BWTAS member Clare Johnson has passed along her correspondence with her acquaintance Mark Stevenson of Crouch End.
Hearing of Clare's interest in water towers, Mark sent these images of a hyperboloid steel lattice water tower he encountered in the ancient city of Bukhara in Uzbekistan.
Mark was on a month long trip along the ancient Silk Road timed to coincide with the solar eclipse in Shanghai in July earlier this year. As far as he knows, the water tower was built by the Russians in 1927.
Leave it to the indomitable Ferrers, the Pie Master, to do some digging and he will locate it at 39.777891ºN 64.408638ºE and discover that you can climb it.
According to Lonely Planet, for a few pence given to whichever local is guarding the gate that day, you can climb the rickety and rusting stairs and gain fantastic views of the city, especially the ancient fortified palace of the The Ark.
Digging further, Ferrers found an image from 1963 taken by traveller Galen Fry Singer which show pretty conclusively that the original tank has been removed and this tower was converted into a viewing platform. The later Islamic detailing of the window arches in the conversion are a nod to the history and culture of this ancient city.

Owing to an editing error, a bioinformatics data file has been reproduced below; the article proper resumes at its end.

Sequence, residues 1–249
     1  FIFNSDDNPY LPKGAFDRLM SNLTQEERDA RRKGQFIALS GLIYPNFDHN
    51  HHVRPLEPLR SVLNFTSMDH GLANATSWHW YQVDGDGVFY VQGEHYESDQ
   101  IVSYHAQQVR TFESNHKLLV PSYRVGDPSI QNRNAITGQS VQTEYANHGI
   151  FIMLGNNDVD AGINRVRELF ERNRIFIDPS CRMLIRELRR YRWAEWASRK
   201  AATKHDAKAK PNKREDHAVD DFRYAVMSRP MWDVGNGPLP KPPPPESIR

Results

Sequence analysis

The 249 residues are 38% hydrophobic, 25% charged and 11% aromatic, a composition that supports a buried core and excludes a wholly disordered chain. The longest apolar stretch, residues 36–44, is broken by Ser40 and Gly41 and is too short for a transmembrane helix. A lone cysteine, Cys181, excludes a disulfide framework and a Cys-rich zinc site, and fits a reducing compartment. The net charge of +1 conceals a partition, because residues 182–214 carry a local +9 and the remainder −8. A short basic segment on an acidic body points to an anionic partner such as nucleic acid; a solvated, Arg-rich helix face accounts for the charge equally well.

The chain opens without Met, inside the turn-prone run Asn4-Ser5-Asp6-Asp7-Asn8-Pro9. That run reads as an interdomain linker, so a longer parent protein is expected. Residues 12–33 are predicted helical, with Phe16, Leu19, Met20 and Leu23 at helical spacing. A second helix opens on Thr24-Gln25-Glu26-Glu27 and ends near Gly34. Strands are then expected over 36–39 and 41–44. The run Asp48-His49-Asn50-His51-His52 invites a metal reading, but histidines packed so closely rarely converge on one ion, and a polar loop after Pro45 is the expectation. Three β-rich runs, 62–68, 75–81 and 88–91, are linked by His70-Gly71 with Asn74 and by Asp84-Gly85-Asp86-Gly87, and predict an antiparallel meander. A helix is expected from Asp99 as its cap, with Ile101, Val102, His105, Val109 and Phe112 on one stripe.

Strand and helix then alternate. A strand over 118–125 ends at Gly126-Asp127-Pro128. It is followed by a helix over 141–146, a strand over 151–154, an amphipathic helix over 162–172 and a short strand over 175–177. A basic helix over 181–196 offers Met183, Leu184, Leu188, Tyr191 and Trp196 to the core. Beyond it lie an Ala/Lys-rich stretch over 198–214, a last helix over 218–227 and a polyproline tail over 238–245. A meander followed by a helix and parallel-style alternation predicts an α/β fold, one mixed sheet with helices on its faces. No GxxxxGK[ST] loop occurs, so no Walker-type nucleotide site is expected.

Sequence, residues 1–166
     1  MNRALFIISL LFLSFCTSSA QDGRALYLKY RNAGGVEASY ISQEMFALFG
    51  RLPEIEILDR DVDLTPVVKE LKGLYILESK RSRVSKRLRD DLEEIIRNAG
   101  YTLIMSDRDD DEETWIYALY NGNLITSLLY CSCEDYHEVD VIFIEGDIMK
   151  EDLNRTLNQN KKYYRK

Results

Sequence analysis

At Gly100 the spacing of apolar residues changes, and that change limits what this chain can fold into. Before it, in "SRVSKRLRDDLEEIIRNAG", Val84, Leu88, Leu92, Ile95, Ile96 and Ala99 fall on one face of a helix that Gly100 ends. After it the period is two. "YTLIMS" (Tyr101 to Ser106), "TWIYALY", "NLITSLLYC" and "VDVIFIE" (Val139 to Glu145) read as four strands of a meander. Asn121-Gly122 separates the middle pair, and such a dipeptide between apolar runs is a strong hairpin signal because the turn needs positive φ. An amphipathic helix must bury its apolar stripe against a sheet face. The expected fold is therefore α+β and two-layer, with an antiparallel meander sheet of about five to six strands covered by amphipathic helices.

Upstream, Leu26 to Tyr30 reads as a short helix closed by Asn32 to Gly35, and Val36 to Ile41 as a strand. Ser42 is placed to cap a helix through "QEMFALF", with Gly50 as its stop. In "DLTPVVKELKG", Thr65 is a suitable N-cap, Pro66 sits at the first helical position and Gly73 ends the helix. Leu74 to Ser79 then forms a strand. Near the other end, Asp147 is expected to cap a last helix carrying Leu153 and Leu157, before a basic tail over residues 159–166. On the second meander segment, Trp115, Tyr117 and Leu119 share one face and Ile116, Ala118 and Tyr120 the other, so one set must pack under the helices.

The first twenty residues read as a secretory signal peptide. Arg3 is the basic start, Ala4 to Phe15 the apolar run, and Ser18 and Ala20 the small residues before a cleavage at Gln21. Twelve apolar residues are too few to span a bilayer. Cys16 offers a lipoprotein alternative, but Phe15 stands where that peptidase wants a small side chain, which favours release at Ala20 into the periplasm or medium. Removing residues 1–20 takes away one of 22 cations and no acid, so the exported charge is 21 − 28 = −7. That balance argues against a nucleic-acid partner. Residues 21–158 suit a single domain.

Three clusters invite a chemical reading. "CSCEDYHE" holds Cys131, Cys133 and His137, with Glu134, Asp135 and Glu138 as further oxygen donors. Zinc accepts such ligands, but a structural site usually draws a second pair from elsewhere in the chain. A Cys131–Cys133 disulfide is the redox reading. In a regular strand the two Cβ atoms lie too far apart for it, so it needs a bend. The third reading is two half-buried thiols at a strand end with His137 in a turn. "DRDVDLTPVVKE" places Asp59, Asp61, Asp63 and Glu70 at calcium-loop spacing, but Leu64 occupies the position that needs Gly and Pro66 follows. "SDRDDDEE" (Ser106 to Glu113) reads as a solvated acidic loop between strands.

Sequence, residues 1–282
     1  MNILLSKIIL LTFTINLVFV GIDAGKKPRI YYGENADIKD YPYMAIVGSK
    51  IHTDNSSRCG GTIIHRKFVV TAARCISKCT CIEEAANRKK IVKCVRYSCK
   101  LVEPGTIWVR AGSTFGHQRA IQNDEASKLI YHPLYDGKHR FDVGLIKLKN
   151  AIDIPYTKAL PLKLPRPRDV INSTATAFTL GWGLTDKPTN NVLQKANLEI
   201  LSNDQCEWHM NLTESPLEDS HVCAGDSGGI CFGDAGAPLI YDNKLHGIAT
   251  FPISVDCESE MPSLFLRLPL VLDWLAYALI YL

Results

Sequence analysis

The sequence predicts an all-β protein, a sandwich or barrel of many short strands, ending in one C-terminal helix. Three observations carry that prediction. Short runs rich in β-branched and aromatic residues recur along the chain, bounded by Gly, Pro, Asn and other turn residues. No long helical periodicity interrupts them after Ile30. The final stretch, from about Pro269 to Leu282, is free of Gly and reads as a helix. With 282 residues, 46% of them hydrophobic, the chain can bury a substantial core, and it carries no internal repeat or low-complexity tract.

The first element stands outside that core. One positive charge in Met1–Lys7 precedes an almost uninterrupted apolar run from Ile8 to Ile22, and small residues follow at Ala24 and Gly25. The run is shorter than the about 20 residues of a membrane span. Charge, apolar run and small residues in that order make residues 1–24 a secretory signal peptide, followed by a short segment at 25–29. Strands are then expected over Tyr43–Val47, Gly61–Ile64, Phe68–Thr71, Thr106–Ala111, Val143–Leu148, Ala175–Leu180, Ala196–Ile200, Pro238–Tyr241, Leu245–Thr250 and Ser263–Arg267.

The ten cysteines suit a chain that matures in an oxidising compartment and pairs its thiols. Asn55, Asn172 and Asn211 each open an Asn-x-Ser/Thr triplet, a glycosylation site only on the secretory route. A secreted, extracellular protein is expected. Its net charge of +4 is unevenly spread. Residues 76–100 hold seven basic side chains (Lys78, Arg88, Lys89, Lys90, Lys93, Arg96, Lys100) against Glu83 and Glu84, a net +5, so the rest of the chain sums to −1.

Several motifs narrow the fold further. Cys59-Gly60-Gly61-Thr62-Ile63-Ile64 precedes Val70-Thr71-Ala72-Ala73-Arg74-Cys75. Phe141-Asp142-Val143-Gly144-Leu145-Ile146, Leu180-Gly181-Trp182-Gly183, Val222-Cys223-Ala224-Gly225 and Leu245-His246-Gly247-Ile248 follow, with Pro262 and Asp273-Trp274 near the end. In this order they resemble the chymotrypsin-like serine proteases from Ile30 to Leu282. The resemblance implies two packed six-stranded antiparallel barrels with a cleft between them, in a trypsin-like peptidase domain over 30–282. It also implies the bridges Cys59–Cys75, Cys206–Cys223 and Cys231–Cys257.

What is fascinating is that this hyperboloid structure is a Russian invention and the first was designed by engineer V.G. Shukhov in 1896.
The world's first hyperboloid tower was another water tower and this is now in desperate need of preservation today. There is a foundation dedicated to the many works of this remarkable engineer.
1896 tower for All-Russia Exhibition at
Nizhniy Novgorod, capacity 114,000 gallons
|Later moved to Polibino and preserved|
It isn't the first time that the challenges of water storage have inspired huge breakthroughs in engineering, reinforced concrete being another.
And wrapping these two things up together nicely, in Trent Park, Cockfosters, England, we have a reinforced concrete hyperboloid water tower designed by Edmund Percey and Chief Engineer J M Milne for Severn Trent water.
The hyperboloid structure is probably best known for creating the shape of cooling towers in power stations. The amazing illusion of this geometry is that the members of these structures remain straight and do not curve, but at Cockfosters, twist 120 degrees around their axis.
There are many water towers, bridges and other structures using this technique. Put the term into google and see what else you will find!
I wonder if Winchells or Krispy Kreme doughnuts know of this amazing tower in Ciechanow, Poland. A toroid tank on a hyperboloid lattice. Try saying that with a mouthful of crackers!